The U.S. House of Representatives on Saturday is scheduled to debate a sweeping measure to reform the U.S. health care system, a major objective of President Barack Obama. Majority Democrats are still working to secure sufficient votes to pass the $1 trillion bill.
Though they are planning for a Saturday evening vote, Democrats are also preparing for any delaying tactics minority Republicans may employ against the bill.
Saying Democrats were very close to the 218 votes needed for approval, Majority Leader Steny Hoyer warned that if necessary he would keep lawmakers in session until the legislation is passed, on Sunday and into next week if necessary.
Estimated by the independent Congressional Budget Office at just over $1 trillion, Democrats say the bill would provide health insurance to 36 million Americans and eventually guarantee that 96 percent of Americans have coverage.
A government-run insurance option, fiercely debated in recent months, is part of the measure, which would also create public exchanges for Americans to choose between different plans and prevent private insurance companies from denying coverage based on pre-existing medical problems.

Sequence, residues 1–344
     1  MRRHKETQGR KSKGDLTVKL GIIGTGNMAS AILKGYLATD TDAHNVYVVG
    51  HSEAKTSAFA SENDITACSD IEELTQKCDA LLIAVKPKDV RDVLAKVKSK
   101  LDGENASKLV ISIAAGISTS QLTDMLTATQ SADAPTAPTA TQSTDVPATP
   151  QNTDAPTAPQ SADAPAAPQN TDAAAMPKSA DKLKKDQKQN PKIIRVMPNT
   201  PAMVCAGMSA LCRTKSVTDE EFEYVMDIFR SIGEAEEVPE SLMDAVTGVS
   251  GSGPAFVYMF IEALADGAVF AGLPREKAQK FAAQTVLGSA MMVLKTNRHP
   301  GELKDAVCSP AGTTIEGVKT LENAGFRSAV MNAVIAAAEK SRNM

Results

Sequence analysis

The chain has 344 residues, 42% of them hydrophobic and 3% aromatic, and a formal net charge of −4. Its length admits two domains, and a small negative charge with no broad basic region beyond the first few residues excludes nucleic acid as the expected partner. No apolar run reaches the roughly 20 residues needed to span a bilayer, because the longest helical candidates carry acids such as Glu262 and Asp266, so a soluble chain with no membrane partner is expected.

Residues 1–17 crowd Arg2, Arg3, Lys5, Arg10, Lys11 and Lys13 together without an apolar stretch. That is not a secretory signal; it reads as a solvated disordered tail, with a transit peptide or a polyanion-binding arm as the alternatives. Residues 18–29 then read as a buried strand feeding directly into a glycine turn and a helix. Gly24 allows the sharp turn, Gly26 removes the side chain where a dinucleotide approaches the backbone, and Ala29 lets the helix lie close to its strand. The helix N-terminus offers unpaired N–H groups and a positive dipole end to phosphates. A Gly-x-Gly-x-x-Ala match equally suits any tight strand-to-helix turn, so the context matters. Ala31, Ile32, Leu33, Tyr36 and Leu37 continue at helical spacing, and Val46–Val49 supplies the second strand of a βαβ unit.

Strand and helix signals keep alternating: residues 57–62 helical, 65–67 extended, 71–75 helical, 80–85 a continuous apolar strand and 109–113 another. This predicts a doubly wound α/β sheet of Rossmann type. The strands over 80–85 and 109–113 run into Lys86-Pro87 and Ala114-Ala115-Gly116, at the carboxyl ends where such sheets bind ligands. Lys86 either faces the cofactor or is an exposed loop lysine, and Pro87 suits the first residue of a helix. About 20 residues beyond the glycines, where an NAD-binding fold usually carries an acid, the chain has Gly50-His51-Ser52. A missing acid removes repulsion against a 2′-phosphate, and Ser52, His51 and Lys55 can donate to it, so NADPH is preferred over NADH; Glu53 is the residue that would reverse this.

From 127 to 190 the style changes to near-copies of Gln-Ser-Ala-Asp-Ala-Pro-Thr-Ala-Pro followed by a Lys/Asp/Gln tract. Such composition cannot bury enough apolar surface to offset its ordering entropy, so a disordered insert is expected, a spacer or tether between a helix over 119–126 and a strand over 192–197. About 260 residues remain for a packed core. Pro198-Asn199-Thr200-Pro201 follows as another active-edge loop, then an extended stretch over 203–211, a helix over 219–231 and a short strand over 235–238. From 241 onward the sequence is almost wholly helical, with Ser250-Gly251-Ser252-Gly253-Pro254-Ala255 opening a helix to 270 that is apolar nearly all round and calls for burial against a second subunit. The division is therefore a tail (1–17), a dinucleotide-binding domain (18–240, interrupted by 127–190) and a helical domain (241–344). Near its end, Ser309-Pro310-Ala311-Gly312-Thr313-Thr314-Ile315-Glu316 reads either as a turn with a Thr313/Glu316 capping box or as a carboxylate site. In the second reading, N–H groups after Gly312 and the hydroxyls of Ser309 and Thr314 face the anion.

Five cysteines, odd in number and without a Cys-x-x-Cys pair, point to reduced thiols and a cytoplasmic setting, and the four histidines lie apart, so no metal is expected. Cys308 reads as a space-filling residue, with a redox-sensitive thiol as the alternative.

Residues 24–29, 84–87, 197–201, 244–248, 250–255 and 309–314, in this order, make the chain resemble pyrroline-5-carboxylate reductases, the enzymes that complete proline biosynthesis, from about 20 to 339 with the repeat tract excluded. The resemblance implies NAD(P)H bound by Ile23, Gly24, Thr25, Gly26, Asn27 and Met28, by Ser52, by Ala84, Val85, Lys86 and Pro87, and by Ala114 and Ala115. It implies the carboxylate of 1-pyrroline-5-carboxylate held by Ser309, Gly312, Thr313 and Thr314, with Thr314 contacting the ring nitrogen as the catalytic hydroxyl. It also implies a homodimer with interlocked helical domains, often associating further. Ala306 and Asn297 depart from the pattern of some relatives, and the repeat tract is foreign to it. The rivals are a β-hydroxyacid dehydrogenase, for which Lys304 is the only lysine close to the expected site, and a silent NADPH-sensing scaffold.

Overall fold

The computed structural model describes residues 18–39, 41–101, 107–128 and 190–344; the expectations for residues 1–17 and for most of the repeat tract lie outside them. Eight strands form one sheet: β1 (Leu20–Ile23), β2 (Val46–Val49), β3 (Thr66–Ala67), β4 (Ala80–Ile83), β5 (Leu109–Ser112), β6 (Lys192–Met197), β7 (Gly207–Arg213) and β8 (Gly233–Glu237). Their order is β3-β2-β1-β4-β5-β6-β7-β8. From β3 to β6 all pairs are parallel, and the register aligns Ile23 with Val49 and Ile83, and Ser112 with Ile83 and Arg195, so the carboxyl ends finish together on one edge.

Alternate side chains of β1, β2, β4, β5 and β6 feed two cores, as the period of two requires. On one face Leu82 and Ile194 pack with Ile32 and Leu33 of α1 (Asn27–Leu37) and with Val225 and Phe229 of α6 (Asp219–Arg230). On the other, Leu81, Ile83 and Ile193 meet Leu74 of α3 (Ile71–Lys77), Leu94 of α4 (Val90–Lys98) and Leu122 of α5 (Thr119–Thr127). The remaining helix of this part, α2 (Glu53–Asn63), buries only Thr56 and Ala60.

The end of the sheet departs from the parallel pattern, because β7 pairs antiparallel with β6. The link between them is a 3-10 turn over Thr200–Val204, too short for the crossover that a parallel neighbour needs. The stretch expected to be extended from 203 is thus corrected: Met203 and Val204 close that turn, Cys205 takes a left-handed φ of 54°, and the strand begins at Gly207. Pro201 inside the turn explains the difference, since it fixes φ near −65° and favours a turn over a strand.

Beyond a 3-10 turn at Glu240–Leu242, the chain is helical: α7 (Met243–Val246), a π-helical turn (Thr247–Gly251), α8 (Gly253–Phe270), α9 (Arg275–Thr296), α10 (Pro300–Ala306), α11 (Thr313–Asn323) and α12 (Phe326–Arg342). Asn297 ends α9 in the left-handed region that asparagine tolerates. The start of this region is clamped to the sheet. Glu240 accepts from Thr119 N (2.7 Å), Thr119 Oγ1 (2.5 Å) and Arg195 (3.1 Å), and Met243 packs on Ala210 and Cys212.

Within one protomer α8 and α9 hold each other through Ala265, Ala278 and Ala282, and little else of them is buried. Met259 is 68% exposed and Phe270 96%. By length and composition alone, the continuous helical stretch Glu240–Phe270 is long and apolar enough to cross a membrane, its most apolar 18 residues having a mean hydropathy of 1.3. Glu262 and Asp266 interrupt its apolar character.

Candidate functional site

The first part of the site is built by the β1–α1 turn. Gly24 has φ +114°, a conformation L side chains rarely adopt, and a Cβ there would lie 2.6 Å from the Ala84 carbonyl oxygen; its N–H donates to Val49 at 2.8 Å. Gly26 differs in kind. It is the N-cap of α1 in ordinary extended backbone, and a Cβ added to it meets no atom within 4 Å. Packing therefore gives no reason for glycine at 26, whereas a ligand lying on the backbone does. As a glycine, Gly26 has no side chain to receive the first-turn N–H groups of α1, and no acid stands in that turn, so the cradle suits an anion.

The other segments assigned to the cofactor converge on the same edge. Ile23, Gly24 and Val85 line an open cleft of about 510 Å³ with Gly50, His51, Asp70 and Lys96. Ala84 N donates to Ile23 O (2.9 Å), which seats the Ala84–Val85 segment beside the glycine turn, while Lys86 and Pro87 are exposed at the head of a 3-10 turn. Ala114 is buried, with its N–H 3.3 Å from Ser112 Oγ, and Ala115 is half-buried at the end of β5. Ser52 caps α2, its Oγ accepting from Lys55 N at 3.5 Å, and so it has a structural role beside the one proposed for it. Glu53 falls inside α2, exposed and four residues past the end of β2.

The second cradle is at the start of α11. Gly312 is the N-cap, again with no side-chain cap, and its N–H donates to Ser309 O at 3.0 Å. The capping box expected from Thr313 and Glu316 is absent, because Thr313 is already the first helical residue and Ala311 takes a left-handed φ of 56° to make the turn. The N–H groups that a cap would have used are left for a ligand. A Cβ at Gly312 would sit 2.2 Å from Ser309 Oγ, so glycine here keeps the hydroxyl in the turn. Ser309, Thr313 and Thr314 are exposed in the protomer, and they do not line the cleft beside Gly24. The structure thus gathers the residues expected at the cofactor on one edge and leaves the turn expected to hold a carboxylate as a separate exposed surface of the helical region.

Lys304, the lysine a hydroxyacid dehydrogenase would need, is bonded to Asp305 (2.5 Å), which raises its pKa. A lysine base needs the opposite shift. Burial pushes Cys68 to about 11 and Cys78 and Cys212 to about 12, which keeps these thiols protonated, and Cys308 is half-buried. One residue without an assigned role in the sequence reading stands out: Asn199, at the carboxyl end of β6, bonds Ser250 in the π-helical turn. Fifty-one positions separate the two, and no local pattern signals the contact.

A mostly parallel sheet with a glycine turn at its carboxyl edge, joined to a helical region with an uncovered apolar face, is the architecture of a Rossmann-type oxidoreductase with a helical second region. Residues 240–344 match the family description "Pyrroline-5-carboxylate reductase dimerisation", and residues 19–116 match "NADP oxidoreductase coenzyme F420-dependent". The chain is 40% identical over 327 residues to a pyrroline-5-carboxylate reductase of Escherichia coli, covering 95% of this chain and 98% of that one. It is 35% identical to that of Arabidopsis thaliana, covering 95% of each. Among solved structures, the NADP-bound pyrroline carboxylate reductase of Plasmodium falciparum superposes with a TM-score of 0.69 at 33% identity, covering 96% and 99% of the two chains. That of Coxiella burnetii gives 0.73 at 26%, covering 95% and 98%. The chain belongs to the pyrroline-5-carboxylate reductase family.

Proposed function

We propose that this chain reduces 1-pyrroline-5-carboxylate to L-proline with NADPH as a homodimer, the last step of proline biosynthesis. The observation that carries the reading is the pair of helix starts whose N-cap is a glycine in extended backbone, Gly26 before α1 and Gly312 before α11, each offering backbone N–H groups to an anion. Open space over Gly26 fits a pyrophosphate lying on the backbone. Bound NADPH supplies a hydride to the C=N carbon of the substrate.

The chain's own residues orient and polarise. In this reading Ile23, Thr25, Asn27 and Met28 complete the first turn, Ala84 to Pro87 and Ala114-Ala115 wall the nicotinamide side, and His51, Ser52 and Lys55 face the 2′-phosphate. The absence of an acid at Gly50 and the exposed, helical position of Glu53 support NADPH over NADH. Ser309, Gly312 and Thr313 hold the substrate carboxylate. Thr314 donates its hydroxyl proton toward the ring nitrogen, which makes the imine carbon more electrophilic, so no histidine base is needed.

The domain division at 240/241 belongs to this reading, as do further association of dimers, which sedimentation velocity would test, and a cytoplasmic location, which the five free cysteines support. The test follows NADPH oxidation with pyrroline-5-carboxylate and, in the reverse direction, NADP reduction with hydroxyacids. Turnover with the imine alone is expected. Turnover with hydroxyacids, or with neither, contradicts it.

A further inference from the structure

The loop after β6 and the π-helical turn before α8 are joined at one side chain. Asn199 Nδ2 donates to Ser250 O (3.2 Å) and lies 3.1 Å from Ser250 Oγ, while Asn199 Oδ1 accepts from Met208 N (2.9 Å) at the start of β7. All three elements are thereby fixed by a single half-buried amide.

On Friday, a special rules committee formally moved the bill to the House floor, Republicans complained that Democrats were trying to push it through without sufficient debate, or allowance for amendments.
Republican Representative Dave Camp reiterated his party's assertions that the bill would lead to further job losses and mounting debt. "The bill Speaker Pelosi crafted over the last 3 months behind closed doors, which has doubled in size from 1,000 to 2,000 pages, will do lasting damage to our economy, to medical innovation, and heap mountains of additional debt on our children and grandchildren," he said.
However, Democrat George Miller of California said the measure will guarantee for the first time that all Americans have access to affordable health care. "This legislation will set this country's health care system on a new and more sustainable course. It will end the insurer abuses and hold the insurance companies accountable so that all Americans will never have to worry about the coverage being stripped from them just as they need it the most," he said.
At a news conference, members of the Congressional Black Caucus said the government insurance option would go a long way toward correcting inequities in health care for minorities.
Donna Christensen, the representative in Congress of the U.S. Virgin Islands, said "The health toll and the death toll of disparities on racial and ethnic minorities are severe, and will no longer be tolerated."
President Obama is now scheduled to go to Capitol Hill on Saturday, a visit aimed at helping Democrats ensure they have the 218 votes needed for passage. However, House approval does not ensure victory on what is perhaps the most crucial legislative test of his first year in office.
The Senate must still pass its own health care reform bill, which contains similarities and differences with the House version, and no final bill can go to the president for signature until lawmakers work out differences between separate versions.